Planning overhaul will protect our precious countryside, vows Rishi Sunak

Rishi Sunak and Michael Gove will champion an overhaul of planning rules designed to save the greenbelt while boosting the number of new homes
Rishi Sunak and Michael Gove will champion an overhaul of planning rules designed to save the greenbelt while boosting the number of new homes - WPA POOL/GETTY
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Cities which fail to meet tough new housing targets will be forced to build on brownfield sites to “protect our precious countryside”, Rishi Sunak has announced.

On Tuesday, the Prime Minister will champion an overhaul of planning rules designed to protect the greenbelt while boosting the number of new homes.

Under the proposals millions of homeowners will also be allowed to build bigger extensions to their property without having to get planning permission.

Michael Gove, the Housing Secretary, will unveil the changes after warning young voters risk being turned away from democracy if more homes are not built.

Rules have been drawn up which will mean the 20 biggest cities have to fulfil 95 per cent of their housing needs or be made to build on brownfield sites.

To help them hit the target the laws around converting commercial buildings like former office blocks and department stores into flats are being relaxed.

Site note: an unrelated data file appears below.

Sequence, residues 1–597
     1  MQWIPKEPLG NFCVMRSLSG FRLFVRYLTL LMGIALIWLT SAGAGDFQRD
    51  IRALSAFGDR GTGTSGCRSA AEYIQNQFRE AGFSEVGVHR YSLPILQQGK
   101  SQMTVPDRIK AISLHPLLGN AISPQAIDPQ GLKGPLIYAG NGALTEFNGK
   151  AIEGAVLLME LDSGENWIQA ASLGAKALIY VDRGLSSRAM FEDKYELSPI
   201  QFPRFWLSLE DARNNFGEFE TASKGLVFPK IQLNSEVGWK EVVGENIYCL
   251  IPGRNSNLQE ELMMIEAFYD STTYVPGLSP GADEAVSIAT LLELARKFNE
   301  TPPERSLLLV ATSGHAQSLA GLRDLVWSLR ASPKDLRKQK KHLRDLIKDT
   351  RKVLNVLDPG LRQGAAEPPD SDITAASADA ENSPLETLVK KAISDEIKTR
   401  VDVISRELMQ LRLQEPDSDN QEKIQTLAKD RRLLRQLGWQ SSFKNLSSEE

‘Overcome tiresome bureaucracy’

Ministers said the reforms will “overcome tiresome bureaucracy” and allow thousands of properties across England to be repurposed as new homes.

Downing Street has London in particular in its sights after accusing Sadiq Khan, the capital’s mayor, of failing to approve enough new developments.

Mr Sunak said: “We pledged to build the right homes in the right places – protecting our precious countryside and building more in urban areas where demand is highest.

“We are sticking to our plan and are on track to meet our commitment to deliver one million homes over the course of this Parliament.

“The changes announced today will deliver the right mix of homes across England.”

Under the current rules, councils only have to meet 75 per cent of their annual housing requirement to avoid being forced into allowing more brownfield development.

Bigger extensions and loft conversions

Ministers are now hiking that target to 95 per cent in a move that they say will deliver up to 11,500 extra new homes every year in London alone.

Mr Gove said the Government was “taking a brownfield first approach to deliver thousands of new homes where people want to live and work, without concreting over the countryside”.

“Our new brownfield presumption will tackle underdelivery in our key towns and cities – where new homes are most needed to support jobs and drive growth,” he added.

Under the changes millions of homeowners will also be able to build bigger extensions and loft conversions without needing permission.

The proposals will see homeowners allowed to extend outwards from their property by an extra metre without having to apply to the council for permission.

It would mean the owner of a semi-detached house being able to build back by four metres, whilst detached homes could be extended by five metres.

Mr Gove has previously said he wants to relax the rules around extensions both outwards and upwards to improve housing density in Britain’s cities.

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